Father John Seeger’s background as a member of the illustrious musical Seeger family—How working at a summer camp helped young John Seeger transition from business to education as his career—Anthony Seeger is born and spends his earliest years in the Greenwich Village area of New York City—Mother’s family background—Prominent role the Communist Party played among progressive Americans and artists concerned about justice and equal rights beginning in the 1930s—Housekeepers help take care of young Seeger while both his parents worked as schoolteachers—Seeger and his future wife Judith Seeger’s paths cross as infants—The family’s small apartment in Greenwich Village—The Seegers relocate for one year to a building uptown on Park Avenue above Alger Hiss’s apartment—They move again to Eighty-ninth Street, closer to the Dalton School, where Seeger’s parents taught and where he went to school—Time Seeger spent on weekends exploring New York City and beyond with his father—His parents purchase a summer camp in Vermont, where they developed and practiced their educational philosophy during summers—Records Seeger used to listen to as a youngster, including those by Woody Guthrie and his uncle Pete Seeger—Tension in his family during the McCarthy era in the 1950s—His family purchases a television set to watch the trial of Senator McCarthy—Music Seeger heard at home as a small child—His early experiences playing musical instruments—Early recordings on Folkways Records and Stinson Records that proved hugely influential to Seeger—Learning the family’s musical repertoire—Family life after his sister, Kate Seeger, was born when he was ten years old—School experience at the Dalton School—His parents’ teaching at the school—The student body at Dalton—Early portent of Seeger’s interest in ethnomusicology while at Dalton—People in Seeger’s neighborhood—After eighth grade, he relocates to the Putney School, a boarding school in Vermont—His parents build him a cabin in Vermont—His sister’s school—How his parents’ careers in education ultimately ended—General lack of rebellion against the Seeger family culture among the Seeger family’s members—His positive boarding school experience—The Unitarian background of his family and its effect on Seeger.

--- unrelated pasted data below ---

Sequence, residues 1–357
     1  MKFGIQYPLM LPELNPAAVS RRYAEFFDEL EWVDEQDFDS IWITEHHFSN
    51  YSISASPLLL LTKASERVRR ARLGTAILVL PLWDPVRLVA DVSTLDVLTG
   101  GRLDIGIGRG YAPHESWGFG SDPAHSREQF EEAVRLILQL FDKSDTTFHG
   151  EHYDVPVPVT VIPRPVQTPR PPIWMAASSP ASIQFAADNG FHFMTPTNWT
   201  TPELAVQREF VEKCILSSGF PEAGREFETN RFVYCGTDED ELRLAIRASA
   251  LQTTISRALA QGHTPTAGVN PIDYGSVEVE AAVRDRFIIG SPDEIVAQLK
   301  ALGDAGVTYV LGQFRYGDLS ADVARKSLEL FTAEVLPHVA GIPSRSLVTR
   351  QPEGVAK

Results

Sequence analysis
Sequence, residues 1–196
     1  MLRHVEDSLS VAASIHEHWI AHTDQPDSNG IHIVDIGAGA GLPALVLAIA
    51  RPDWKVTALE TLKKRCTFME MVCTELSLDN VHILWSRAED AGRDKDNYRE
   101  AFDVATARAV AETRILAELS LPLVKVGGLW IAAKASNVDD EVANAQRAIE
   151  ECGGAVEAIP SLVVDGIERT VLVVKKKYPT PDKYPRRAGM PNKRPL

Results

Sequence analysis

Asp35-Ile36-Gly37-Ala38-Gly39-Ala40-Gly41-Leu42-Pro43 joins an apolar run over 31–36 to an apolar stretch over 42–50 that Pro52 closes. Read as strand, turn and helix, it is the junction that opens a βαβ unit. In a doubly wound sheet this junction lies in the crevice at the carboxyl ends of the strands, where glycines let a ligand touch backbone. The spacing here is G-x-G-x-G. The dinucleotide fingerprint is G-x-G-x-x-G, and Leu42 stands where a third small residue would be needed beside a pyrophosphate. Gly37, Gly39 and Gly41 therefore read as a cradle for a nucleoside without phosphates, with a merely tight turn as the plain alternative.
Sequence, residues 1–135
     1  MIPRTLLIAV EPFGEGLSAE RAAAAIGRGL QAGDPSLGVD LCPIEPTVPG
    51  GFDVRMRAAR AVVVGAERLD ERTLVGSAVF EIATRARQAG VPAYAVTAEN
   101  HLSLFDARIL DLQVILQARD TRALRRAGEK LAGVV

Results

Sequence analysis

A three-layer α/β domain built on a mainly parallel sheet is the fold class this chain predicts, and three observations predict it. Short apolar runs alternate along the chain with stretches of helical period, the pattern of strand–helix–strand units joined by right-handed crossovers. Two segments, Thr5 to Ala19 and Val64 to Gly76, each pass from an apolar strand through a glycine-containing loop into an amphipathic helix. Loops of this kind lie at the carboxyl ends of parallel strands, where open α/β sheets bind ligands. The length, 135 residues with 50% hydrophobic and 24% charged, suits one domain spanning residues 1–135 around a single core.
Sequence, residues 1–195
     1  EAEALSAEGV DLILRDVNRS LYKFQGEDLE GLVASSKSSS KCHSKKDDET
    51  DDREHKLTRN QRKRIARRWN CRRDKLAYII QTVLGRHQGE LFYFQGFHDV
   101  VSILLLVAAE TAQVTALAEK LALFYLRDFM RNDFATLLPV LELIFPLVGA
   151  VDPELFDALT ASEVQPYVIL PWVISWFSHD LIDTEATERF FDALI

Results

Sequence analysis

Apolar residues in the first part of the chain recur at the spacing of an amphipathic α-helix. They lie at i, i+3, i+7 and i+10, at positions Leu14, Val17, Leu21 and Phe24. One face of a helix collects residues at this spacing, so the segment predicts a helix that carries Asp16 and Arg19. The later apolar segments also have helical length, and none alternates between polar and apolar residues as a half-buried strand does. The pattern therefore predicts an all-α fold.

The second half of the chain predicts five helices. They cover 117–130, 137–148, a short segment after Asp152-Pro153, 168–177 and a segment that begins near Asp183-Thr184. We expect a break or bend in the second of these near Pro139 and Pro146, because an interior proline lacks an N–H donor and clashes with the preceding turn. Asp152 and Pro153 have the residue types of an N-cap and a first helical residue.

Musical activities and entertainment while at Putney—The students at Putney—Academic demands at Putney—Infrequency with which Seeger visited his family while at Putney—He applies to a number of universities and is accepted by Harvard University—How his family was able to afford to send Seeger to Harvard—Ease with which Seeger adjusted to life at Harvard—A class in anthropology offers him some needed direction, leading him to major in social relations—After their second year at Harvard, he and roommate Jonathan Lash decide to take a year off and drive to Alaska—Notification from the draft board sends Seeger back to Harvard with renewed dedication to academics—Folklore studies with Albert Lord—Impact of John F. and Robert F. Kennedy and Martin Luther King Jr. assassinations on him—His lack of interest in popular music during the 1960s—He becomes engaged to Judith Austin during his junior year at Harvard—Reasons Seeger avoided Harvard’s music department while he was a student there—Studies with David Maybury-Lewis—He engages in a project analyzing world myths via computer—Seeger and Austin marry at the Seeger family camp in Vermont—The Seegers go to Cornell University for their graduate studies—Private seminars at the home of anthropology professor Victor Turner—After Seeger’s first year at Cornell, his professors Victor Turner and Terrence Turner relocate to the University of Chicago, and the Seegers move there as well—Heightened political activity and accompanying paranoia while in Chicago, beginning in 1968—Seeger’s stable and committed life during the confusion and turmoil of the late sixties—Origin and requirements of Seeger’s anthropological fellowship to study the Suyá people in the Amazon jungle of Brazil—Academic preparation for his work in the field—He receives his fellowship, both Seegers go to Brazil, and they are then endlessly stalled by the Brazilian government—By making a number of personal connections, the Seegers are finally granted permission to enter the field in June of 1971—The questions regarding music and social structure that informed Seeger’s research in the field—Physical demands of the fieldwork Seeger chose to do and steps he took to prepare for them—The Seegers choose to wait to have children until they have finished their Ph.D.'s—Advantage the Seegers had sharing the challenge of living in the field together.